I loved Tess’ character. I thought she was great opposite Margot. Where Margot is cold, Tess is warm. Margot is quiet and to herself, Tess is outgoing and bubbly. It made the scenes with them together more fun honestly. And of course we have Tess’ mother Jo and her grandmother Vera/Gram who are like cats fighting on the street. Nasty, ruthless women who are not only manipulative, but solely care for themselves and occasionally for their family.

Tess’ relationship between her mother is heartbreaking. She honestly just wants to be loved and her mother can’t bear to even show her the slightest bit of affection. It makes her motivation to run away and find out about her mother’s past reasonable in comparison to the life she was currently living. And of course Gram, who we learn to love then hate before we can blink. I felt so bad for Tess, not having a good relationship with anyone in her family and then suffering the trauma of discovering the reason why her mother left. It’s messed up.

So, let me just add this – this book is gruesome. There are some scenes that I WISH I could get out of my head and I might be permanently scarred from it. There is some scenes with gore and other scenes with weird stuff to up the creepy factor. If you are not a fan of dark fiction/science fiction – do not read this book. For the most part, it’s pretty tame, but other moments are really intense.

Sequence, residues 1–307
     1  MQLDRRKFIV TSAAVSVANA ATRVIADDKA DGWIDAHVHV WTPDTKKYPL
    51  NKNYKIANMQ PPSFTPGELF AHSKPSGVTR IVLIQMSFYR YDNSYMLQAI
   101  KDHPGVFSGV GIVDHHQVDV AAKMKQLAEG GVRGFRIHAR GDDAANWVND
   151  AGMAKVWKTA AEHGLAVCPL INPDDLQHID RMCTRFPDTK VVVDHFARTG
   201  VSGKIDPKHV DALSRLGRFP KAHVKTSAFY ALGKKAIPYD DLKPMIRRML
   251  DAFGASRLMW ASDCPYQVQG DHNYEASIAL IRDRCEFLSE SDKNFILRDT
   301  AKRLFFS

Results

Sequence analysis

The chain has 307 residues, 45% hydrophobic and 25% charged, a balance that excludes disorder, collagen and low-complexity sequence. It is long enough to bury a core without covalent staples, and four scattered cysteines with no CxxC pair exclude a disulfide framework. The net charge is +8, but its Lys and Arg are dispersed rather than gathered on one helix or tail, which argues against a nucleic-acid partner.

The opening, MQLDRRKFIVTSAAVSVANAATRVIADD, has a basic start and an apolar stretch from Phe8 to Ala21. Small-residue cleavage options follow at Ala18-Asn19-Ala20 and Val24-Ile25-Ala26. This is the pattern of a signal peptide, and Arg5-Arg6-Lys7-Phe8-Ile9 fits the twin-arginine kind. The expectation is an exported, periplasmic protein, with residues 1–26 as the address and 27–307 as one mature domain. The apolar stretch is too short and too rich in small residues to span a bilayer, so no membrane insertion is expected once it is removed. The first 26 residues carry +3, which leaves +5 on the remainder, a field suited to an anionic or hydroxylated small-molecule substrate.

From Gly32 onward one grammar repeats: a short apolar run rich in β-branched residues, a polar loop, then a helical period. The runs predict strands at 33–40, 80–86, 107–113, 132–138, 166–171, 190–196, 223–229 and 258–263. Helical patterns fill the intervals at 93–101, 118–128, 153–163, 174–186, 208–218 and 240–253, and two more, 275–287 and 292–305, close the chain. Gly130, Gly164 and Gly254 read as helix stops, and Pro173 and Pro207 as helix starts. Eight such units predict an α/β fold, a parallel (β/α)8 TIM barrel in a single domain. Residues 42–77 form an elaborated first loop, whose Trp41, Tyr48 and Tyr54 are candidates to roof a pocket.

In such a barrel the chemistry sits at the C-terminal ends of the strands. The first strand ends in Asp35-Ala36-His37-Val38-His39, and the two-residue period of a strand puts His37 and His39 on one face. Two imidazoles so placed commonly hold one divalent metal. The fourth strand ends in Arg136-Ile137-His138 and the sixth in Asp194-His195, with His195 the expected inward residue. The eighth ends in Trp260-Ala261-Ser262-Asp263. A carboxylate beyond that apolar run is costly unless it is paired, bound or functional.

Overall, this was a starstarstarstar // 5 star read for me. The beginning was a bit slow as Tess makes her way home, but it really picks up about 30% of the way through. Once you’re past 60% it’s like a jet racing past to the finish line. I couldn’t put this book down after that.

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If this book sounds interesting to you, check out One of Us is Lying by Karen M. McManus.

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If you liked this review, please like this post, leave a comment, follow, share with your friends – anything is appreciated!

ARC Review: Raybearer

This was another book I received from YallFEST 2019 and buddy read with my friend Grace. We’ve been buddy reading a lot lately!

Raybearer by Jordan Ifueko releases on August 18th, 2020 – so be sure to preorder a copy!

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Here is the synopsis from Goodreads:

The epic debut YA fantasy from an incredible new talent—perfect for fans of Tomi Adeyemi and Sabaa Tahir